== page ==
Long-Term Outcomes of Liner Cementation into a Stable Retained ShellTan Timothy L., MD; Le Duff Michel J., MA; Ebramzadeh Edward, PhD; Bhaurla Sandeep K., MPH; Amstutz Harlan C., MD
Liner cementation into a preexisting stable socket may reduce the morbidity of revision hip arthroplasty and preserve acetabular bone. However, the long-term outcomes of this technique remain unknown. The purpose of this report was to analyze the long-term results of a previously reported cohort of patients. Cementation of thirty-two liners (seventeen polyethylene and fifteen metal liners) into preexisting sockets was performed during revision hip arthroplasty, and the patients were followed for a minimum of two years. A retrospective chart review was performed to investigate the complications and survivorship. The mean duration of follow-up was 12.7 years (range, 2.1 to 19.1 years), with ten hips requiring rerevision at a mean of 6.4 years (range, 1.0 to 15.5 years). Nine patients experienced posterior dislocations, and two hips required rerevision for instability. Liner dissociation from the shell occurred in two patients. Survivorship analysis, with rerevision as the end point, demonstrated ten and fifteen-year survivorship of 77.3% and 68.8%, respectively. Dissociation of the cemented liner from the acetabular shell was an infrequent cause of failure despite long-term follow-up. Given the high rate of dislocations in this study, careful patient selection and surgical technique should be considered.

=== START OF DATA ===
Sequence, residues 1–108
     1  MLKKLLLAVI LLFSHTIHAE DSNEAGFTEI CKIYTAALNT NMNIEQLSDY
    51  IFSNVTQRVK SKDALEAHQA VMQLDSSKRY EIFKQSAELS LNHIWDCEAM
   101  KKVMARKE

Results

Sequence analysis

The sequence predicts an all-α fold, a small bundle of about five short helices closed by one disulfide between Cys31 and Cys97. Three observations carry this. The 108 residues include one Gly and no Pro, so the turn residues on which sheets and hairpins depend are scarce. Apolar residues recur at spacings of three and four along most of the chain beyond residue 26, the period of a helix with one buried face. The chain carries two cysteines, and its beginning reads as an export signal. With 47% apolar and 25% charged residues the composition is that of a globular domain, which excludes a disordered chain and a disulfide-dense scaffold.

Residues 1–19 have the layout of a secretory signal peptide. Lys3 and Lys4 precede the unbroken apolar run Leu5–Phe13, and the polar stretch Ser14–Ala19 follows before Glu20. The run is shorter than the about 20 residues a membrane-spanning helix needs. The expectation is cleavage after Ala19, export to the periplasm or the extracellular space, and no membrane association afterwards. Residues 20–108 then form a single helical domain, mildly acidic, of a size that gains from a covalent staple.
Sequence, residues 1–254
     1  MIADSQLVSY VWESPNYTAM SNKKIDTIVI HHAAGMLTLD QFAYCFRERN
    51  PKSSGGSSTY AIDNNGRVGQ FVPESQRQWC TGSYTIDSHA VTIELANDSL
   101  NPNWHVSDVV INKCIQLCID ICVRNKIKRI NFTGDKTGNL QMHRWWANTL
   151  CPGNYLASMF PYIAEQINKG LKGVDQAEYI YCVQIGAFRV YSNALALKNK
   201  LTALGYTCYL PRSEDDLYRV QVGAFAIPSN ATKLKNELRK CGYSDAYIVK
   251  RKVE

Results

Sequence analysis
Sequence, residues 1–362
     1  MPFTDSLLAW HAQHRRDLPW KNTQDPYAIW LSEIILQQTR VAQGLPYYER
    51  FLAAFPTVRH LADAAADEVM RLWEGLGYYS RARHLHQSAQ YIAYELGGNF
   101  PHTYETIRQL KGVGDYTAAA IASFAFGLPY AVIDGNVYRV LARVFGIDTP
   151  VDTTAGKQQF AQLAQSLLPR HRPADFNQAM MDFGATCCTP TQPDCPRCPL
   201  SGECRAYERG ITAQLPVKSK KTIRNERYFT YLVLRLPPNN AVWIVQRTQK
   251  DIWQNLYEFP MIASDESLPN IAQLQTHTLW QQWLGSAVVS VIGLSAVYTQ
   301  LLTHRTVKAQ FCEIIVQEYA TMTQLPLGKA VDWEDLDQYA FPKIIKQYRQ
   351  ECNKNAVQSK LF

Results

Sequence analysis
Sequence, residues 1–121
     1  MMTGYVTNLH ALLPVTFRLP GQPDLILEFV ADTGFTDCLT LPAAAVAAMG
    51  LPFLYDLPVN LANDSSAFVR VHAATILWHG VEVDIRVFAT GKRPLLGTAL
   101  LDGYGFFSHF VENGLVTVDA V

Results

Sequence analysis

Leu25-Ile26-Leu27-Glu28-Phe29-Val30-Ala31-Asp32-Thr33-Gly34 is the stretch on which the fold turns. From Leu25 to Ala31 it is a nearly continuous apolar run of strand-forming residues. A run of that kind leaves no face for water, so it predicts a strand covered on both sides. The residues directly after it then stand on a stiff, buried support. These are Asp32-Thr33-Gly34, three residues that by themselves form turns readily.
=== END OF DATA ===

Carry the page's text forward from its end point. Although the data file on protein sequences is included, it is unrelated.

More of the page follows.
Level of Evidence: Therapeutic Level III. See Instructions for Authors for a complete description of levels of evidence.